Story by Paul d’Orléans – Originally published in BikeExif  – Photos by Mihail Jershof

 

A banner hung outside the ArtRide exhibition stated, ‘You are not in France, you are not in Spain; welcome to Basque Country.’ At the 6th iteration of Wheels&Waves, the sign should read ‘Southsiders Country’, as 20,000 guests of this festival of surf/moto culture invade the sleepy town of Biarritz, filling all the hotel rooms, Airbnbs, and camping spots, plus every bar with a sidewalk. The Basque region isn’t a hotbed of alt.custom culture, and is a long way from Paris, Berlin, or Milan, where you’ll find the majority of European custom shops. But a surprising number of folks ride to the event, on everything from vintage Brough Superiors to the latest hyper-café custom Ducati. They come, I think, as much for what isn’t at W&W – no obnoxious branding, no OEM industry hard sell – as what is; a mellow, carefully curated series of exhibits, races, and rides.

 

“Our event is about motion” is the mission statement of Southsiders MC founder Vincent Prat, chief of the triumverate (with Jerome Alle and Julien Aze) who organize this legendary surf/skate/moto festival. You’ll need motion to see it all; most of the highlights are an hour’s ride from Biarritz, except ‘the village’ at the Cité de l’Ocean, a series of military tents stretching from this wave-form cultural center to Milady beach. Prat cut back on stalls by 30% this year, to keep the quality high for clothing, scarf, bag, board, and bike vendors; there wasn’t much overlap in the offerings, and what was present was really nice stuff, if not cheap. A big stage held live music afternoons and evenings, the skate ramp was always busy (with legends like Steve Caballero dropping in at random), and the indoor cinema screened fresh material like ‘Sugar&Spade’, ‘The Ended Summer’, and ‘Crystal Voyager’ from 1972 – a legendary George Greenough film, the first shot inside a wave, with a full side of Pink Floyd’s ‘Meddle’ vinyl as soundtrack.

The second ‘El Rollo’ flat track race at San Sebastian’s hipodromo was quadruple the size of last year, with a mix of serious competitors and sloppy day-racers. The races were short enough that it wasn’t a mess, and the mix of machines ranged from the new Indian 750s (currently dominating professional races), to vintage Trackmaster specials with Triumph or BSA power.   We must all bow towards Sideburn mag for defibrillating this sport; proof again the custom scene is the lifeblood of the motorcycle industry today. Also refreshing; the mix of age and sex of the competitors, from gnarled vets to fresh young things like Zoe David on her Trackmaster pre-unit Triumph T100.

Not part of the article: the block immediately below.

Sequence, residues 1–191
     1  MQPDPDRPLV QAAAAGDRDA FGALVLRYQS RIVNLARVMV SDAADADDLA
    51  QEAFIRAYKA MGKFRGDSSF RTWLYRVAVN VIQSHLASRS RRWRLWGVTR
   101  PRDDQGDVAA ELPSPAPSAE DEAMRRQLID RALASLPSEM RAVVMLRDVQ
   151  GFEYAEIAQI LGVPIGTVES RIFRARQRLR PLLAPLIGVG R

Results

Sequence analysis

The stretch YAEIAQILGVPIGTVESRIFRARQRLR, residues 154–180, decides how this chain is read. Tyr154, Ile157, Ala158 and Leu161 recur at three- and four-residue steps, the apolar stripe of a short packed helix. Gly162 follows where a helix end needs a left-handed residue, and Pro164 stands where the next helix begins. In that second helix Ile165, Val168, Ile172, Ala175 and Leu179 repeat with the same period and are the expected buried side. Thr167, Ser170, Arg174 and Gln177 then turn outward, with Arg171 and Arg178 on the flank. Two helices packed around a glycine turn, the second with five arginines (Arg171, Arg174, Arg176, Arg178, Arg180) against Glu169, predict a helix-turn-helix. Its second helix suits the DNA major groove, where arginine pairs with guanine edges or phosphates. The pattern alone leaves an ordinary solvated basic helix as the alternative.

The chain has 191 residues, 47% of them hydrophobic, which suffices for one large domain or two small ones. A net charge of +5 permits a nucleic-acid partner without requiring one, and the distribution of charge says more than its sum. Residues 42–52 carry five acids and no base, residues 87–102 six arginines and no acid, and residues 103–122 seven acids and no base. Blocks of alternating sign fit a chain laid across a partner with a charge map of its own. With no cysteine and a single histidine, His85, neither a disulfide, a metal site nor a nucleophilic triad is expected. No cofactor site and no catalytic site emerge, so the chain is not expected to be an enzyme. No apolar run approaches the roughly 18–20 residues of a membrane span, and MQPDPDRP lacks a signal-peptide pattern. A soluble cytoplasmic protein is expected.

El Rollo is the first event of Wheels&Waves, and a great start to the week, on Wednesday. Thursday is the official opening day of the ‘village’, and in the evening another ride to San Sebastian is required for the ArtRide exhibition, held on 3 floors of an old fish-packing warehouse in Pasaia. It’s a mix of fresh custom and vintage bikes, photography and other art, and film/performance. A terrific, enormous montage of vintage MX and surf photos, plus surfboards and suspended racing Velocettes from the mid-1960s, were an homage to Richard Vincent, a surfer/racer from Santa Barbara, best friends with George Greenough, who filmed his racing, while Richard filmed him surfing. With professional equipment, Vincent documented an ideal SoCal life, which was dramatically halted by the draft. He was badly wounded in Vietnam, and his bikes, boards, photos and films sat for 50 years. Wheels&Waves was their first exposure since 1967; a short film about Richard Vincent was screened beside them, ‘The Ended Summer’ by David Martinez (full disclosure; exec produced by TheVintagent).

The Punks Peak hillclimb (an uphill sprint bent in the middle) has spawned a host of imitators, so the ‘El Chupito’ race spices up the pre-’50 to Powerbike mix of racers. Costumes are required to race your 50cc demon, and this year the theme was ‘Superheroes’. All sprints should be done in costume!   Especially as sprints grow faster and more serious annually; a few dirty tricks were played, like loosening clutch lever pivots, and one rider seemed hell-bent on forcing his matches off the road – fine but for the barbed wire fencing. One walkaway crash and some hairy moments didn’t dampen things, and the premier event was won by Katja Poensgen – proving women riders rock hard.

Saturday is the all-day DIY rideout into the Pyrenees, and clumps of riders criss-crossed the mountains all day, semi-lost, but with perfect weather this year nobody complained. The views and snaking roads through thousand-year old stone villages, plus the inevitability of a great Basque lunch, make this ride a highlight, and the reason many return to the area. Back at the village, a casual display of exceptional new customs dotted the field, parked without display cards, which made photo IDs difficult, but added to the casual feel, and implied they were actually ridden. Clearly, as Vincent Prat stated, Wheels&Waves isn’t about the show, it’s about the go.